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Rachel Riley unveils fifth lion in Trafalgar Square to highlight the big cat crisis,ahead of Nat Geo WILD’S dedicated Big Cat Week 1-7 Feb.

Countdown and 8 out of 10 Cats Does Countdown star Rachel Riley unveiled a dramatic new lion sculpture in Trafalgar Square today, highlighting the plight of big cats ahead of Nat Geo WILD’S Big Cat Week with the stark warning that lions could be extinct in our lifetime if action isn’t taken now.

Adding to the famous four resident bronze lions, which have been situated in Trafalgar Square since 1867, the sculpture was built entirely from clockwork mechanics to represent time, which is running out for many big cat species.  It will stand in Trafalgar Square for a very limited period before being auctioned to raise money for the National Geographic Society’s Big Cats Initiative.

Lions were last month added to the endangered species list, with a combination of habitat loss, poaching and loss of prey contributing to a drastic population decline of nearly 50% in the last twenty years alone.  The current population estimated is to be as low as 20,000 in the wild.

Big Cat Week starts on Nat Geo WILD Monday 1 February at 8pm, with a number of shows including Vanishing Kings: Desert Lions of Namib – providing emotional insights into the journeys and future of the species. The week-long series supports the National Geographic Society’s Big Cats Initiative, a long-term commitment to stop poaching, save habitat and raise awareness of the issues facing big cats all over the world, and to help raise vital funds to support on-the-ground projects.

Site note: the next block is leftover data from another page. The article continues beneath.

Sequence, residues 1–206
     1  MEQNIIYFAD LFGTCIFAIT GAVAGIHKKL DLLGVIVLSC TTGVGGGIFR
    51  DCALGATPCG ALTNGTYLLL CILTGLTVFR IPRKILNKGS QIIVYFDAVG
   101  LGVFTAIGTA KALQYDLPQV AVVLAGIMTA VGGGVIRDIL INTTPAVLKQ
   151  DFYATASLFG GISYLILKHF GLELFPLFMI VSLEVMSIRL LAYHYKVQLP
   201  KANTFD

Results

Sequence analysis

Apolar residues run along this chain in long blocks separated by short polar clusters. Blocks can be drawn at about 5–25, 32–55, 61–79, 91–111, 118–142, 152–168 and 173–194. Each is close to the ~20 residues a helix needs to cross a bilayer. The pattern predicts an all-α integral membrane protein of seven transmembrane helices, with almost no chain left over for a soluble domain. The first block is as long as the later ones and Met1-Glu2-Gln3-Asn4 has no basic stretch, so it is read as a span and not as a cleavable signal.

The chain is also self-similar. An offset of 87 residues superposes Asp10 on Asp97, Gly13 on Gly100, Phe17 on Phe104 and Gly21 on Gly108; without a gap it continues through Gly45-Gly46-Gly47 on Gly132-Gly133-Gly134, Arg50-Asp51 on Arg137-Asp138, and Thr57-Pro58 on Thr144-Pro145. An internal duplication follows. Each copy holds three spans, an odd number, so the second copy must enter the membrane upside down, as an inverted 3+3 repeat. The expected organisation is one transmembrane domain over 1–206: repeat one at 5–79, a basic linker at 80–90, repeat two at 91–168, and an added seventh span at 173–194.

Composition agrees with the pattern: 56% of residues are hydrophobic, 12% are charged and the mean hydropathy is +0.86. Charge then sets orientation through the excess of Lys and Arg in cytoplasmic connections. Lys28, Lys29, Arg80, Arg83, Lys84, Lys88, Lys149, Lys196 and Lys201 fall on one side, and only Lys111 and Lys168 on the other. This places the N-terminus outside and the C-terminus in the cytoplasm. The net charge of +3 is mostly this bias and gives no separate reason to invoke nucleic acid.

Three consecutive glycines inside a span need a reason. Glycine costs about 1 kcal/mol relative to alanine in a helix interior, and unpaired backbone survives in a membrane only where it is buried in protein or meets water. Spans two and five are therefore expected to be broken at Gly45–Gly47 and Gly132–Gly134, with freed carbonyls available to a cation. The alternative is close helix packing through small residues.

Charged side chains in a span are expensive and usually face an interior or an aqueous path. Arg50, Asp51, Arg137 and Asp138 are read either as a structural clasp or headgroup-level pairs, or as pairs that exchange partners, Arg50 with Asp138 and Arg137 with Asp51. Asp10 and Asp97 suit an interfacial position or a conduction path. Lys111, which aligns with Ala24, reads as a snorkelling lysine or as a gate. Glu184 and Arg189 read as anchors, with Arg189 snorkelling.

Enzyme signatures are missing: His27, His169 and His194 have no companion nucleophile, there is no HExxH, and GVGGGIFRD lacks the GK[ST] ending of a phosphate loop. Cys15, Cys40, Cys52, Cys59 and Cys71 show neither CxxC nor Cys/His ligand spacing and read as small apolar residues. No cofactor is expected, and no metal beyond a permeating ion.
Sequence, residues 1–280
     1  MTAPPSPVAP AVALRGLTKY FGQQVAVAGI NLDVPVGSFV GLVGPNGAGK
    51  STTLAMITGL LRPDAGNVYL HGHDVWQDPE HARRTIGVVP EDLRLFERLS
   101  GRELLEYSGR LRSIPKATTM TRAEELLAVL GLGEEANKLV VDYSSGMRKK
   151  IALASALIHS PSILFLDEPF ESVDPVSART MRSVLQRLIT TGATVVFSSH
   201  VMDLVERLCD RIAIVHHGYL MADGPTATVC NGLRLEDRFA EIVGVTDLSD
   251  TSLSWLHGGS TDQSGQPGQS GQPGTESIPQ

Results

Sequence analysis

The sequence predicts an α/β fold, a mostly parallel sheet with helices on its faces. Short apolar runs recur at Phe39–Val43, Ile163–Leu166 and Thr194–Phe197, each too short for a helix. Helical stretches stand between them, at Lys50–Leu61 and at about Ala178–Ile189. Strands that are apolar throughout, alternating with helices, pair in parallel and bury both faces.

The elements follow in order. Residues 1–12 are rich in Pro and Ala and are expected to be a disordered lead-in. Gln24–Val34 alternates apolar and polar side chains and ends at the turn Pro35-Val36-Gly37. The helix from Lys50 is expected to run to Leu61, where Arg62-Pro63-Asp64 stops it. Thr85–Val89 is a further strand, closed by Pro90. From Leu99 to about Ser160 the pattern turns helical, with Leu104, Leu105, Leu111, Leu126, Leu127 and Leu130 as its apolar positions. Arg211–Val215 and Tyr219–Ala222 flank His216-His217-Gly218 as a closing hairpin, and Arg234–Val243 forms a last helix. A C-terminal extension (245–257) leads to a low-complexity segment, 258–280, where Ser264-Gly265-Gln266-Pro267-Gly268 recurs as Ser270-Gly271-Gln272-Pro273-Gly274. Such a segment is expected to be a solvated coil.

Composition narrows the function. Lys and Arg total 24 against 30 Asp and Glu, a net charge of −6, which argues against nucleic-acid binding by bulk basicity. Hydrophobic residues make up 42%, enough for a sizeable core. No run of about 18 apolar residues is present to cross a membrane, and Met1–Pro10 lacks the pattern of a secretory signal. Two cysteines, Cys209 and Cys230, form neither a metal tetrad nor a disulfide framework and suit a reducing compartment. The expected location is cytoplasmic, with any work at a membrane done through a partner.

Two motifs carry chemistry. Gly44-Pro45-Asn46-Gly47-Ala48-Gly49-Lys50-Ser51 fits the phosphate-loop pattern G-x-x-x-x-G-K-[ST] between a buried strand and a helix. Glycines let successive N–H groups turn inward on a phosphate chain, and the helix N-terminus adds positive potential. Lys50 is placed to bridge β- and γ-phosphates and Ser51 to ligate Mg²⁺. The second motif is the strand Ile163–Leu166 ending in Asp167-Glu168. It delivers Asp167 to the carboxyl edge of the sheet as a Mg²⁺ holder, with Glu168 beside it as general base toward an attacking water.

Countdown’s Rachel Riley, who unveiled the statue, has helped crunch numbers with conservation experts: “I’m a huge cat lover both big and small but the plight of our big cats is alarming.  You don’t need a maths degree to notice the staggering decline in lion populations.  In the 1800s there were hundreds of thousands of wild lions worldwide, but at the current rate of decline this figure could be in the hundreds within the next thirty years, with the realistic prospect of extinction in my lifetime.”

She adds, “For every ten lions on the planet 100 years ago, only one roams free today, which really puts the issue into perspective. From Monday Big Cat Week on Nat Geo WILD brings home these very real dangers threatening lions and other big cats around the world, as well as showing them in all their majesty in the wild.”  

National Geographic Explorer-in-Residence and co-founder of the Big Cats Initiative Dereck Joubert commented; “We no longer have the luxury of time when it comes to big cats”. He added, “Today we have more statues of them than actual cats roaming the world so it is important that we raise awareness of these majestic creatures and point to their rapid decline and find solutions. If declines continue at their current pace, wild cat species around the world face a very real risk of extinction. That is why a week dedicated to big cats is hugely important. It stimulates discussion and can help us find solutions.”


The 3 metre tall Clockwork Lion statue will stand in Trafalgar Square for a limited time before it is auctioned to raise money for the Big Cats Initiative.  Funds raised by the charity go directly into helping reduce poaching, combating lion snaring, providing treatment to snared lions and educating local communities on how to coexist and flourish with big cats in their backyards.

 


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